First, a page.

Data Coursework

Data Coursework-83
Data Mining: This course shows you how to discover patterns in structured data.You’ll also learn to retrieve information from unstructured data sources, such as natural language text.

Data Mining: This course shows you how to discover patterns in structured data.You’ll also learn to retrieve information from unstructured data sources, such as natural language text.

Other relevant 500-level coursework may be taken for elective credit, with approval of the program director.

Students must take a total of at least 9 credits of MATH coursework and at least 9 credits CS/CSP coursework to graduate, not including the capstone practicum course.

They were no longer just crunching numbers; they were involved in designing the mechanisms for collecting the information and helping business executives and government leaders figure out how to interpret it– and data science was born.

At the University of Michigan, incoming professor C. Jeff Wu took a look at the field in 1997 and decided that it had broadened to encompass three overlapping, interdisciplinary pursuits: He dubbed the new field “data science” and called for the creation of masters and doctoral programs to offer degrees in it, with courses covering not just statistics, but the other disciplines required as well.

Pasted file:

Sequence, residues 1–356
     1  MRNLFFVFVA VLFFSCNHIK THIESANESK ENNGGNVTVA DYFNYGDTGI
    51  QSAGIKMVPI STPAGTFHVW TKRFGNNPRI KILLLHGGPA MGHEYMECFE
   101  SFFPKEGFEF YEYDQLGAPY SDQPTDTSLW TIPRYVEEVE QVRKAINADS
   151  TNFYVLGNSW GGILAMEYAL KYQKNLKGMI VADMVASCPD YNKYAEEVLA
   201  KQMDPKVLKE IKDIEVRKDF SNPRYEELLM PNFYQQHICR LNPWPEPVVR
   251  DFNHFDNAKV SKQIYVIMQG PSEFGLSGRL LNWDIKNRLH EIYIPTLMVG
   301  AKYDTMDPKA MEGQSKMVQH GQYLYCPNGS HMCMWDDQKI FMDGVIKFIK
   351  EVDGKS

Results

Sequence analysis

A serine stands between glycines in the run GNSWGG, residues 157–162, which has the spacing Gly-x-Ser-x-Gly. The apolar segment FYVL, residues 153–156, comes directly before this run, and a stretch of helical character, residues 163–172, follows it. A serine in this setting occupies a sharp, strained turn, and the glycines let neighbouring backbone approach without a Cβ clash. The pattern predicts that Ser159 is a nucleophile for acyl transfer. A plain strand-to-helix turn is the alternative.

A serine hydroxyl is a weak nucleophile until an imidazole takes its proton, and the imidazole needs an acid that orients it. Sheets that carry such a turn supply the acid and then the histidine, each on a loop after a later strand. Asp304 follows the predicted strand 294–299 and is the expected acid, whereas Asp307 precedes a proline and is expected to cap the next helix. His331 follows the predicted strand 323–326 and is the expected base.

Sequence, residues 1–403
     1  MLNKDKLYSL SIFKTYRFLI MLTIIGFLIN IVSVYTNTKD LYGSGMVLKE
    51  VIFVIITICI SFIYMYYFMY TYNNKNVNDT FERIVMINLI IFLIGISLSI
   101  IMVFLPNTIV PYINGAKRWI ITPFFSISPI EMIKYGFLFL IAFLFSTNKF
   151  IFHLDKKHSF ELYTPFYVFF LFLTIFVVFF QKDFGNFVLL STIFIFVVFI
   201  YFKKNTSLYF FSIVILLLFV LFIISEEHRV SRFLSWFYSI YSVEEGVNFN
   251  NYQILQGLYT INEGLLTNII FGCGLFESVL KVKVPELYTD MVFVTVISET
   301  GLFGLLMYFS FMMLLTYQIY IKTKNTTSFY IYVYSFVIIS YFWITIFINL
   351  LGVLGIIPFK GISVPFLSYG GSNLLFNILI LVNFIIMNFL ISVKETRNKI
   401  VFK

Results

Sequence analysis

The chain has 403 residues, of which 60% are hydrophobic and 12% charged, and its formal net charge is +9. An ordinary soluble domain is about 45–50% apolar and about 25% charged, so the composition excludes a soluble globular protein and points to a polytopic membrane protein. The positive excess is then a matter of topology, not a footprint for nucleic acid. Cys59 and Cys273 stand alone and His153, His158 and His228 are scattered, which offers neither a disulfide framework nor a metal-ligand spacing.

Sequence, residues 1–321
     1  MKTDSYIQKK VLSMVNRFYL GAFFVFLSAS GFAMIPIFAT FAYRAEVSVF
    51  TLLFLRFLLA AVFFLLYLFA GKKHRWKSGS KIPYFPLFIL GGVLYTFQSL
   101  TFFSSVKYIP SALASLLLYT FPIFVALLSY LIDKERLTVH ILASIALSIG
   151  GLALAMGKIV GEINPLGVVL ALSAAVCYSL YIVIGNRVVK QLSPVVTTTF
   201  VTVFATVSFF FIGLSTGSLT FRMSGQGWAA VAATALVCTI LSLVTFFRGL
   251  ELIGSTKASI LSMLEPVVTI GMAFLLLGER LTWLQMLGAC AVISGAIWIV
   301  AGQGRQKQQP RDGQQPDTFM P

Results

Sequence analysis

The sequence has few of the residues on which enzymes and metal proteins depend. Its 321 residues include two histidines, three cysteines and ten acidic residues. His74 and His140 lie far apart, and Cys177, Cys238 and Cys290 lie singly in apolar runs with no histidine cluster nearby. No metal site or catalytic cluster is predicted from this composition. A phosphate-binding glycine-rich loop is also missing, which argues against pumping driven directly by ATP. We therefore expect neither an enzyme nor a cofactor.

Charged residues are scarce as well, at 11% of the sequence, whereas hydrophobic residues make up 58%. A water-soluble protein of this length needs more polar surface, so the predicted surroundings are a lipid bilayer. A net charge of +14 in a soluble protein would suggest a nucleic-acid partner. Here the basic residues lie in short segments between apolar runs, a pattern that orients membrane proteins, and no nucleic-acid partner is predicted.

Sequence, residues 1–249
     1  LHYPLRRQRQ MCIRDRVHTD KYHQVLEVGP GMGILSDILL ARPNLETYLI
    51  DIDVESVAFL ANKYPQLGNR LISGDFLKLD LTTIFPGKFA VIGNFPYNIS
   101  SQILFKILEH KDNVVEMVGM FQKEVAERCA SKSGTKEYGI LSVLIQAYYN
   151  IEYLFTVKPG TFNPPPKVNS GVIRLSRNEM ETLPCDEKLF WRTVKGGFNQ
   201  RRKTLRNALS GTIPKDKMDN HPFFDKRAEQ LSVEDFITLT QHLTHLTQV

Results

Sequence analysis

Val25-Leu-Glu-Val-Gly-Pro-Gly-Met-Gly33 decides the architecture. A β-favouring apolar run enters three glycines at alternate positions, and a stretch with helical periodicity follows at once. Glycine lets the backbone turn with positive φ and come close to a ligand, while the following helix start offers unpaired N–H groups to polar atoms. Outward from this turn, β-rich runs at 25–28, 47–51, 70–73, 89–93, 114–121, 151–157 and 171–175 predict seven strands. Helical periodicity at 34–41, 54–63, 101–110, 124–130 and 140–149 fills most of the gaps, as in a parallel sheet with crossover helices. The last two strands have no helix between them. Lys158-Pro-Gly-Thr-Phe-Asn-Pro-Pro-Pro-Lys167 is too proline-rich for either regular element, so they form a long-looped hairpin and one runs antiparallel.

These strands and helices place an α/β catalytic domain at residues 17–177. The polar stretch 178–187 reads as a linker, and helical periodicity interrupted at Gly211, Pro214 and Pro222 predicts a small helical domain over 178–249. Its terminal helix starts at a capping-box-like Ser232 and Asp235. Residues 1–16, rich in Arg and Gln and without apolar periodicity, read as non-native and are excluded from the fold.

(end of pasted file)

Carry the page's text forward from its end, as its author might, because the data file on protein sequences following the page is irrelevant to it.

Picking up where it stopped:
Many bridge courses are regular college classes, part of existing graduate or undergraduate programs at the institution where they are offered.

Bridge courses typically take a full quarter or semester to complete and students are charged the regular fee for the credits.

Candidates who are weak in basic computer science or statistics may decide to take Massive Open Online Courses (MOOCs) or enroll in a data science bootcamp to help brush up on those skills.

Both these options allow a greater degree of flexibility in preparation: However, the education gained in a MOOC or bootcamp is less certain preparation than that of a bridge course.

Bridge courses for data science masters degree programs are typically oriented around covering one of two possible deficiencies in a candidate’s educational background: Candidates with prior math or engineering education may have a good grounding for the statistical concepts they will encounter in a data science masters program, but not enough programming experience to keep up with the modeling and analysis aspects.

Conversely, those with a computer science background may have the coding chops to keep up with the modeling and scripting, but lack the math background to understand how to design the models.

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